2010: The Year of the False Marking Suit
If you manufacture, advertise, or sell products using a patent number, you may already be aware of the explosion of "false patent marking" suits. In less than a year, more than 500 of these suits have been filed in courts across the United States by both local and foreign entities. No industry appears to be exempt; companies as diverse as Blistex, Bank of America, FedEx, Hewlett-Packard, Facebook, Target, ConAgra, and Motorola have all been targets of false marking suits. Unfortunately, there is no evidence that would indicate that this trend will be short-lived. The purpose of this article is to identify the elements of a false marking claim and provide some suggestions for risk mitigation.
Under federal law, false marking consists of two primary elements:
(1) the false claim of patent protection in a product; and
(2) the intent to deceive the public.
A false claim of patent protection can occur in three ways:
(1) marking a product as patent protected when not authorized to do so by the owner of the patent;
(2) marking an unpatented product with the word "patent" or with a word or number implying that the product is patented; or
(3) marking a product as "patent applied for," "patent pending" or any other words or numbers that falsely imply that the product is subject to a pending patent application.
Any private citizen has standing to bring suit for false patent marking, regardless of whether such person has actually suffered an injury as a result of false marking. Any damages awarded under such a suit would be shared equally between the person bringing the suit and the United States government. The statutory penalty for false patent marking is a fine of up to $500 for each product that is falsely marked, thus creating a potentially lucrative incentive to bring suit.
The false marking law applies to anyone who "marks upon, or affixes to, or uses in advertising," the false patent information. Thus, liability for false marking is not limited to manufacturers of goods, but can also apply to third parties such as retailers, suppliers, dealers, and distributors. Persons or entities who deal in goods that have patent markings should consider taking the following actions to assess and limit their risks associated with a false patent marking suit:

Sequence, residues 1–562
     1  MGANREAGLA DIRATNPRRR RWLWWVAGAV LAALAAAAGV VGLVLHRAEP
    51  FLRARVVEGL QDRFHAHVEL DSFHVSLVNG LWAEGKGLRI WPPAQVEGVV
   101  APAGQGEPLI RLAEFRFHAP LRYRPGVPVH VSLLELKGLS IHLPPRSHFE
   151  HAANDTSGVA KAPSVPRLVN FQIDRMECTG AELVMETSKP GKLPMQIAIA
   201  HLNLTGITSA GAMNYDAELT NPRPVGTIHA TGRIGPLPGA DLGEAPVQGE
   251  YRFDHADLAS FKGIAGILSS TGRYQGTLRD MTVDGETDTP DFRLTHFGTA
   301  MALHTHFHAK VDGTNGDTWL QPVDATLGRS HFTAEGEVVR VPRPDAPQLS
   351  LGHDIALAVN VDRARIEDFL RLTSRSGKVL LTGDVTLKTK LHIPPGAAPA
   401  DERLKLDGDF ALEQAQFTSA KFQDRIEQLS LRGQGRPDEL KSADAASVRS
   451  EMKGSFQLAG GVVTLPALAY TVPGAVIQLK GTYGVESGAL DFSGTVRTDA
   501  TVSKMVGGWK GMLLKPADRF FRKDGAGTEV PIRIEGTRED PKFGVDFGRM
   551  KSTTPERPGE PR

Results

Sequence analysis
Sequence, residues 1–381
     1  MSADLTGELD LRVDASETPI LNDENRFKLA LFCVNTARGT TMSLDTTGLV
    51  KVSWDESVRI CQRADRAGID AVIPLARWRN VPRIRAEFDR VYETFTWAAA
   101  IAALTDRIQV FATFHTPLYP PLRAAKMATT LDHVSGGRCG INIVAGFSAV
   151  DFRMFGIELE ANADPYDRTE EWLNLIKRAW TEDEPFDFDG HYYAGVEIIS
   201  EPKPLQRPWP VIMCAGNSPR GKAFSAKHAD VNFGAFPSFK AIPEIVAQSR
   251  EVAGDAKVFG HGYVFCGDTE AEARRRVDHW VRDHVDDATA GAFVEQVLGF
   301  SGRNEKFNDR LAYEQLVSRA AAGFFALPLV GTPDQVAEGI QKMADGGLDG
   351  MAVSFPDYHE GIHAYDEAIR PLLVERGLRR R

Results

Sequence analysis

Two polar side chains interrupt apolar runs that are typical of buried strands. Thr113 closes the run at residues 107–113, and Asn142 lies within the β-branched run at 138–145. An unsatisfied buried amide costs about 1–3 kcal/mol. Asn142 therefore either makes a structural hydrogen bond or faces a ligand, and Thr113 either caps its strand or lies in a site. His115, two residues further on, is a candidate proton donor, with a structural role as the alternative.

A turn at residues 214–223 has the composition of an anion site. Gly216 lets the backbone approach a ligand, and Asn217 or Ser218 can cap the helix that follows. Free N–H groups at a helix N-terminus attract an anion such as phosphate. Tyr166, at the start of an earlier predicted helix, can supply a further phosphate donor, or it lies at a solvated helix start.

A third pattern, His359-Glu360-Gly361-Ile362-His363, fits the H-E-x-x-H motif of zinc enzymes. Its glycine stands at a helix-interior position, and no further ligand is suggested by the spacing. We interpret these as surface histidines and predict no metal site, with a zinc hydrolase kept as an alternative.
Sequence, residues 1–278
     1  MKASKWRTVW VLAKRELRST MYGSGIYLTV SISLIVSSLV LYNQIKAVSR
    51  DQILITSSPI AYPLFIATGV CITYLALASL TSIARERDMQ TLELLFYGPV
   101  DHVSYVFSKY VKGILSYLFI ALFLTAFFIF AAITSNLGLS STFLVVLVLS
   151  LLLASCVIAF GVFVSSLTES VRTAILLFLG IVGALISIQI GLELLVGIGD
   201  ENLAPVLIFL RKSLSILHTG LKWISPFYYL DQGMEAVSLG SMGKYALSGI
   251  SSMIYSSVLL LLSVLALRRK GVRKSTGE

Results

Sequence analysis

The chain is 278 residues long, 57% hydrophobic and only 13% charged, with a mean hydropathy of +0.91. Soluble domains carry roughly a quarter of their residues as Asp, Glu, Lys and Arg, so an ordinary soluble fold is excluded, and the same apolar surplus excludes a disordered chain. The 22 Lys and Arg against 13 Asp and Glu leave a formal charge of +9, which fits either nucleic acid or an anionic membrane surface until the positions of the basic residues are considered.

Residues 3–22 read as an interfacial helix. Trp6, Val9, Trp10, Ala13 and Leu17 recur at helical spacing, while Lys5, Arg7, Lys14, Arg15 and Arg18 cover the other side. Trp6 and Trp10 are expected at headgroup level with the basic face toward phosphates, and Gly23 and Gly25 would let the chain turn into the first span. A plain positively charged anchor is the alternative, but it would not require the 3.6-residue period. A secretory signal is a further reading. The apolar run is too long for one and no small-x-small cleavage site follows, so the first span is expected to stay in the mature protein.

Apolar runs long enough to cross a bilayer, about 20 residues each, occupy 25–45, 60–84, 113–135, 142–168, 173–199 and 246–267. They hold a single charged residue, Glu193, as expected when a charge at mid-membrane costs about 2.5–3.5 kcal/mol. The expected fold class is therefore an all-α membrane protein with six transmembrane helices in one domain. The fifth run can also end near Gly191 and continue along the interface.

• If you are a patent owner or licensee, maintain and regularly refer to detailed records of your patents, including records related to expiration, transfer of ownership, payment of maintenance fees, rulings of validity and enforceability, and any other issues that may affect your ability to reference such patents on your products and product packaging.
• Conduct proper due diligence to ensure that the patents referenced on your products, packaging, and advertising actually cover the products being sold. Consider obtaining an opinion as to the scope of your patent if you are unsure of its applicability to a certain product. An opinion can be used as an important tool for rebutting a claim that you intended to deceive the public through false marking.
• Routinely evaluate and reevaluate your products to determine whether any material changes to such products have changed the applicability of the patents to such products.
• Review the terms of any contract to which you are a party to ensure that you, and the other party, are complying with the parameters related to the claims of patent protection. If you are currently negotiating a contract with a third party for the license of a patent or the manufacture or sale of patented products, consider getting appropriate representations, warranties, and indemnities to protect you in the event that the other party’s actions make you the target of a false patent marking claim.
It may be difficult (operationally and financially), and time consuming to replace molds, product packaging, and marketing materials that contain expired or inappropriate patent numbers. However, it is better to identify and address the issue before becoming the subject of a false marking claim. If you have any questions regarding false marking suits, please do not hesitate to contact any member of the Koley Jessen Intellectual Property Practice Group.